The origin and history of American Racing Pigeon Union Part 1
To appreciate the reasons for the formation of the American Racing Pigeon Union, you must first know something about the history of pigeon racing in the United States.
In the 1860s, homing pigeons were imported from Europe. By 1872 the first club was formed to conduct races, but most fanciers flew pigeons individually or in challenge matches. The largest concentration of fanciers was in Philadelphia where in 1880, the Red Star Club held a pigeon show at which those in attendance agreed on the formation of “The Atlantic Federation of Homing Pigeon Societies” to conduct a concourse race. The first race in 1881 was a success. The following year one club won a majority of prizes and there were many losses, resulting in termination of the annual race.
In 1883, the Federation was reorganized as “The Federation of Homing Pigeon Fanciers of America.” The new organization was designed to maintain a permanent registry of the speed records at each distance and to administer all flights for record purposes.
The Federation race secretary controlled all flights for record. He appointed the liberator, obtained surveys, confirmed proof of arrival, and either checked or computed speeds. Individuals shipped their birds to him for countermarking and he forwarded them for liberation. In areas where sufficient numbers of fanciers resided, he appointed race committees under his supervision to handle countermarking and confirm arrivals. The Secretary published the annual records and recognized the fastest speeds obtained at each distance on a cumulative basis. In 1886 the first seamless band was manufactured, and in 1887 the Federation began selling seamless bands. The bands were marked with a letter of the alphabet, which indicated the year of issue, and were consecutively numbered.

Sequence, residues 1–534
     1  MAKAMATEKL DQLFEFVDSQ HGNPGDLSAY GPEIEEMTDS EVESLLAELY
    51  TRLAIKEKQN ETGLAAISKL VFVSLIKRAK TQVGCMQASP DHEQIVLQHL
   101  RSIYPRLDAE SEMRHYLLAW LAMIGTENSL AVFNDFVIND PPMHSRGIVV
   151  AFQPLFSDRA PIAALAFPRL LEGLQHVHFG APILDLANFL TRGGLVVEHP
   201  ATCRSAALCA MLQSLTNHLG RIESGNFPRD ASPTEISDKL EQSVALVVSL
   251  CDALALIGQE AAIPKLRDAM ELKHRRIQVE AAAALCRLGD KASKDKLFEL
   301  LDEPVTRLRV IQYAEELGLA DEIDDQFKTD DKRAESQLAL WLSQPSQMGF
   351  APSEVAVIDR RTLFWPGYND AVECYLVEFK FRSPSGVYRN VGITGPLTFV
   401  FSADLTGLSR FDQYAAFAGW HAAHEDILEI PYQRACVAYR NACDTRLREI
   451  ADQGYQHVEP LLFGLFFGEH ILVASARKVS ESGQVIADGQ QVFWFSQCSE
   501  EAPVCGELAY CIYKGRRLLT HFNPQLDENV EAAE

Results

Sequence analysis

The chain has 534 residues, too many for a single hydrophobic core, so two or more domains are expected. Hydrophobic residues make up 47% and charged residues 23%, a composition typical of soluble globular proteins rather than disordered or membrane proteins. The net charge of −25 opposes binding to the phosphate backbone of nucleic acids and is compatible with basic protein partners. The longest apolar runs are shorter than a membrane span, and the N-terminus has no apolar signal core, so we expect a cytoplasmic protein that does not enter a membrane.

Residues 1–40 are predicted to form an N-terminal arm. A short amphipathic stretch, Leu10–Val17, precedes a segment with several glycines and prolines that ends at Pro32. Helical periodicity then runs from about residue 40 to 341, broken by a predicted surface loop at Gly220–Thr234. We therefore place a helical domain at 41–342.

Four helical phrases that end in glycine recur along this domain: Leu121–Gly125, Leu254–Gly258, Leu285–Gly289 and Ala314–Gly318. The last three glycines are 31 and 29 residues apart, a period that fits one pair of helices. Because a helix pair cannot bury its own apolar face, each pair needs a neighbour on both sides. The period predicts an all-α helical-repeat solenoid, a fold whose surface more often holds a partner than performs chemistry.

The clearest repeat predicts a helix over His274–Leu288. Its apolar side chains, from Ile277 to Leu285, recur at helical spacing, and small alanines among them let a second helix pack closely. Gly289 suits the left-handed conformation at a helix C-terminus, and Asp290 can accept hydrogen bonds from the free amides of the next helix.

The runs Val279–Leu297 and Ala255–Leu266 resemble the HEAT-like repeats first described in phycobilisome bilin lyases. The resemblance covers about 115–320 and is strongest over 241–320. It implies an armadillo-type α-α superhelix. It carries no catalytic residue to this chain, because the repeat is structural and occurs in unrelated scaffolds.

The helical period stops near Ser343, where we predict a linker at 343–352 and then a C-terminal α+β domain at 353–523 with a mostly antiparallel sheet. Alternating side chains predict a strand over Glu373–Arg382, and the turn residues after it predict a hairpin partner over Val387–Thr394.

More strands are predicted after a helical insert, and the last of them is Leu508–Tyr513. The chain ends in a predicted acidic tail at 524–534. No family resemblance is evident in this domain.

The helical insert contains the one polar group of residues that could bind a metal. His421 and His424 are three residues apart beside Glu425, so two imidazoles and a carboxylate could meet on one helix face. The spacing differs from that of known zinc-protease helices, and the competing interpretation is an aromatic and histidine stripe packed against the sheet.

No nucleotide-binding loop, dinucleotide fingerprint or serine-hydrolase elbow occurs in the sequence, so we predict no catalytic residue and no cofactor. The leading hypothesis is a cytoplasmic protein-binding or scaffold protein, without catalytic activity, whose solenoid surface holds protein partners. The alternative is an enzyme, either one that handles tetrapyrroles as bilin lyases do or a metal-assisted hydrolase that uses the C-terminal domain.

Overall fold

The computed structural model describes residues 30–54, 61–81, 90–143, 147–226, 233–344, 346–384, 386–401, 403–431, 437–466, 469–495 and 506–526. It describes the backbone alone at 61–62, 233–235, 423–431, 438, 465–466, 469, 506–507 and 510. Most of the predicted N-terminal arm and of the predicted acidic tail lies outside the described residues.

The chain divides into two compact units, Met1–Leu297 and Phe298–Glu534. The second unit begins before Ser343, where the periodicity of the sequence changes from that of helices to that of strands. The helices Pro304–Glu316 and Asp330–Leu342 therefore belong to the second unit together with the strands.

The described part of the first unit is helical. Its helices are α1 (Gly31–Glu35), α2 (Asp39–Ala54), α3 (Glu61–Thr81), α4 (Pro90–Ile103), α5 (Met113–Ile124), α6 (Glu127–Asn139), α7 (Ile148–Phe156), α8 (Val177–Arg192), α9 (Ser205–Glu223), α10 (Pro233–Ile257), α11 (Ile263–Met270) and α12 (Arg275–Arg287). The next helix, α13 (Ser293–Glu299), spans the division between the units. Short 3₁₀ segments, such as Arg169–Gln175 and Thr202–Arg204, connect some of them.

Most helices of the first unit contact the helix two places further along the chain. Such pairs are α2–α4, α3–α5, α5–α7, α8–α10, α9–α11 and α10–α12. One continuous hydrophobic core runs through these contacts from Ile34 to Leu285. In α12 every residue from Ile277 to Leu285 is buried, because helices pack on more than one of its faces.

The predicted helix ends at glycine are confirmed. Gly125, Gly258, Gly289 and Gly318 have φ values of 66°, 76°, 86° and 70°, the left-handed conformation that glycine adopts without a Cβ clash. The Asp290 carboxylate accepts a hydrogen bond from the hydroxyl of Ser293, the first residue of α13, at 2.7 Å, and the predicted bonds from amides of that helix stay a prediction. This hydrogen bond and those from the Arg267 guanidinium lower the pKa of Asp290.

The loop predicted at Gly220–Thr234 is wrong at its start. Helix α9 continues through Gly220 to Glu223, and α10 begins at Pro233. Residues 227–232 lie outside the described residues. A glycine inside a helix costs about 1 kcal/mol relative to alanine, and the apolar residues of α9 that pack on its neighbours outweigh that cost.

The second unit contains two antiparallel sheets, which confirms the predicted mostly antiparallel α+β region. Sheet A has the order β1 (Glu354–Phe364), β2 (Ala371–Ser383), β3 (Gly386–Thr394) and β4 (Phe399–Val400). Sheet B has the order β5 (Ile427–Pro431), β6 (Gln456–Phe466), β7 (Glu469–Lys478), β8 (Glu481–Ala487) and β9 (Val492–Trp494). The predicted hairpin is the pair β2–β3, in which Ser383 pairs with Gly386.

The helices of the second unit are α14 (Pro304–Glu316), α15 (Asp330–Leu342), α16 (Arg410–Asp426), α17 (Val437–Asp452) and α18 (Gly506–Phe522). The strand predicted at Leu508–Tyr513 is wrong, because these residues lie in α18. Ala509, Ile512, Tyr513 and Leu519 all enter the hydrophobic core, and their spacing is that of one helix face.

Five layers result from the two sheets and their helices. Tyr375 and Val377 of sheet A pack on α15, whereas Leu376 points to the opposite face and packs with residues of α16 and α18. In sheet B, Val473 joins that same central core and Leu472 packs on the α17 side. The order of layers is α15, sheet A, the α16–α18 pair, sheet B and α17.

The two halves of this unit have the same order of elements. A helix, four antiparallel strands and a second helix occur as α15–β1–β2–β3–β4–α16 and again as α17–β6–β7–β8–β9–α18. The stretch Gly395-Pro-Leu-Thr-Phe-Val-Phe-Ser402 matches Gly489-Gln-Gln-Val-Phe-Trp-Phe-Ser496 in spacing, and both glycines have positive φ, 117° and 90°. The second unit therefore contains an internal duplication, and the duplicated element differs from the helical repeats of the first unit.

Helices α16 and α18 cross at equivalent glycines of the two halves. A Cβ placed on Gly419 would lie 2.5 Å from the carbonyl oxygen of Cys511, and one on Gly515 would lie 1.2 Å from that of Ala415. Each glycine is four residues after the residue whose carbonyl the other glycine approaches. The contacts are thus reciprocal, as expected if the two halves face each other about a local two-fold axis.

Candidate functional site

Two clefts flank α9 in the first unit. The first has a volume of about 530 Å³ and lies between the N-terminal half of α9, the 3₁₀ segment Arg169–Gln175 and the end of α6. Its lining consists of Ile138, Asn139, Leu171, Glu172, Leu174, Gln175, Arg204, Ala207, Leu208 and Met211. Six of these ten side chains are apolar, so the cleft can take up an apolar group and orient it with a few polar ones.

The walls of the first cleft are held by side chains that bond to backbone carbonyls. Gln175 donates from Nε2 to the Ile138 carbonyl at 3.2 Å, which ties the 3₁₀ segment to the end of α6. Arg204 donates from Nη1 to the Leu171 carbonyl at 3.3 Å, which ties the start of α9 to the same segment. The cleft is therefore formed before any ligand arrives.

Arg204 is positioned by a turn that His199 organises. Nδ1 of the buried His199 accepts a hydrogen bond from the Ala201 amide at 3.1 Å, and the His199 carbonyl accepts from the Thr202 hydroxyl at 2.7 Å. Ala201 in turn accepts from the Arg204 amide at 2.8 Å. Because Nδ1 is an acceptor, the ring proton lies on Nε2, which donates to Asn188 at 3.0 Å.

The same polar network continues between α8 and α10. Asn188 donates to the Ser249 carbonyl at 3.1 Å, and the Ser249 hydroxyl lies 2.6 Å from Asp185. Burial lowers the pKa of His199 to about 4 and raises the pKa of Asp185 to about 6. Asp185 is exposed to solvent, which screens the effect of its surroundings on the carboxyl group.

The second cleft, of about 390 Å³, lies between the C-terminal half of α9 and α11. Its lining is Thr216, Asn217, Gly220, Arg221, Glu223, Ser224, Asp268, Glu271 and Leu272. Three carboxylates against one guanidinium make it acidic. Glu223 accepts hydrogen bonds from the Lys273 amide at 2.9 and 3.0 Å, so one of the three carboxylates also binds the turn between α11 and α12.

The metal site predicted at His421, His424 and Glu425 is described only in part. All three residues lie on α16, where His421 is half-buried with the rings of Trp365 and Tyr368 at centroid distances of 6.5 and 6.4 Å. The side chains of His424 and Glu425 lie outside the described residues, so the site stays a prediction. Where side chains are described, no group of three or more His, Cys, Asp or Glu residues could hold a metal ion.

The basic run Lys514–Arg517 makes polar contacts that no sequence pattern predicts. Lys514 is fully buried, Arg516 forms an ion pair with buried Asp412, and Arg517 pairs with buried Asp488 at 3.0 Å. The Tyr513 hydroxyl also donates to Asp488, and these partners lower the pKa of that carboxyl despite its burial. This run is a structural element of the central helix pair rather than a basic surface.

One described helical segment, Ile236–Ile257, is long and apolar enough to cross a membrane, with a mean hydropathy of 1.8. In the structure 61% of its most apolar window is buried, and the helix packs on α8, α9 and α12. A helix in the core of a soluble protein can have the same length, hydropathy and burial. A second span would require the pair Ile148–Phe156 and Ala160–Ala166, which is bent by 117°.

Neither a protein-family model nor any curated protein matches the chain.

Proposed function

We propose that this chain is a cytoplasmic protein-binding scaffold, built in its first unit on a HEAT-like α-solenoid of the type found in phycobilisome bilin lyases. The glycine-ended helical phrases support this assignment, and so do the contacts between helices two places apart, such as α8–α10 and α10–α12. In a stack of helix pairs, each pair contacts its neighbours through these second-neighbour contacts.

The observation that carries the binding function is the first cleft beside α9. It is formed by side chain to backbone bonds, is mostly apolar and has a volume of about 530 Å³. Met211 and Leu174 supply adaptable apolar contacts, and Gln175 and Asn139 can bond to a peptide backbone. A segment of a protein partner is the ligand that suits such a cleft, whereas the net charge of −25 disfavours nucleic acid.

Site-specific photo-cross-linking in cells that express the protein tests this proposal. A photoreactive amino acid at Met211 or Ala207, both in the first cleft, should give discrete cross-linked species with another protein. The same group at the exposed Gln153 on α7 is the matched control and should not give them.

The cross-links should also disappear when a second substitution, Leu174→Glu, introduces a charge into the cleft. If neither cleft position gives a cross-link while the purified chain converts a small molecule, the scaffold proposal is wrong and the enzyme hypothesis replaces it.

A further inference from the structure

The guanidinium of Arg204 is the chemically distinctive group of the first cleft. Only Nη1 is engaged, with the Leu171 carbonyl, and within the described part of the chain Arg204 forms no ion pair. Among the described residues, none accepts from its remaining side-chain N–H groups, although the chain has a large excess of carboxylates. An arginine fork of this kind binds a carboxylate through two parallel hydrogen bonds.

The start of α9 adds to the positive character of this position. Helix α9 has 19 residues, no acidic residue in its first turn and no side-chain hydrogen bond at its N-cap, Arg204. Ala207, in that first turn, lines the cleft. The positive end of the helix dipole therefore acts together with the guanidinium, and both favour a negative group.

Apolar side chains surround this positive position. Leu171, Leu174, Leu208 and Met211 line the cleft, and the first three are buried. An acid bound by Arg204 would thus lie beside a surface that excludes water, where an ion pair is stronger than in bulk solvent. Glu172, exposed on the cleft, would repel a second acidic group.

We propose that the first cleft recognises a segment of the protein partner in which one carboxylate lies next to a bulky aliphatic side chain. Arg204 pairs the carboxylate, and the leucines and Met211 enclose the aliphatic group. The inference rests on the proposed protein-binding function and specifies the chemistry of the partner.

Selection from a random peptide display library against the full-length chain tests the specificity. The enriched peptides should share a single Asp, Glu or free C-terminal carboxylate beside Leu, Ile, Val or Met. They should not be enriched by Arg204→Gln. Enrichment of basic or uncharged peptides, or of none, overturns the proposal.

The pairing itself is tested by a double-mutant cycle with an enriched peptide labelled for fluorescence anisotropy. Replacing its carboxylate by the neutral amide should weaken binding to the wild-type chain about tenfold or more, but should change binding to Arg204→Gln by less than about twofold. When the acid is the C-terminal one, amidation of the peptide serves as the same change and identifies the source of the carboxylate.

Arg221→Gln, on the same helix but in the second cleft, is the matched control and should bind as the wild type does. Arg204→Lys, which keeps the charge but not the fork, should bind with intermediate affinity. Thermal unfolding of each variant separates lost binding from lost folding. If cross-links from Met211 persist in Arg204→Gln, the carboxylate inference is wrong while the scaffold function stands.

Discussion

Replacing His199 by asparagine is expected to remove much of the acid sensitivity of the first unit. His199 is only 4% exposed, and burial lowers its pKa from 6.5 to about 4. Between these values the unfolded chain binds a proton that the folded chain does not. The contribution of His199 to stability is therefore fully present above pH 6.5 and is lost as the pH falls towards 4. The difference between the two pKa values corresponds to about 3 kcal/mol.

Initially, a stamp with identifying marks was placed on a primary flight of birds entered in competition. Later, metal countermarks were introduced. Arrival of a race bird was confirmed by either carrying the bird, if a flight stamp or countermark was used, to a telegraph office and asking the agent to telegraph the time, and the stamp or countermark as displayed to him, to the National Secretary. An allowance of six minutes per mile was granted to transport the bird or countermark from the loft to the telegraph office, but bicycles or other means of transportation were prohibited. Where available, an individual known as a “timer” would be assigned to wait at the loft and record the time of arrival using a watch supplied to him by either the District Race Committee or the National Race Secretary.
The origin and history of American Racing Pigeon Union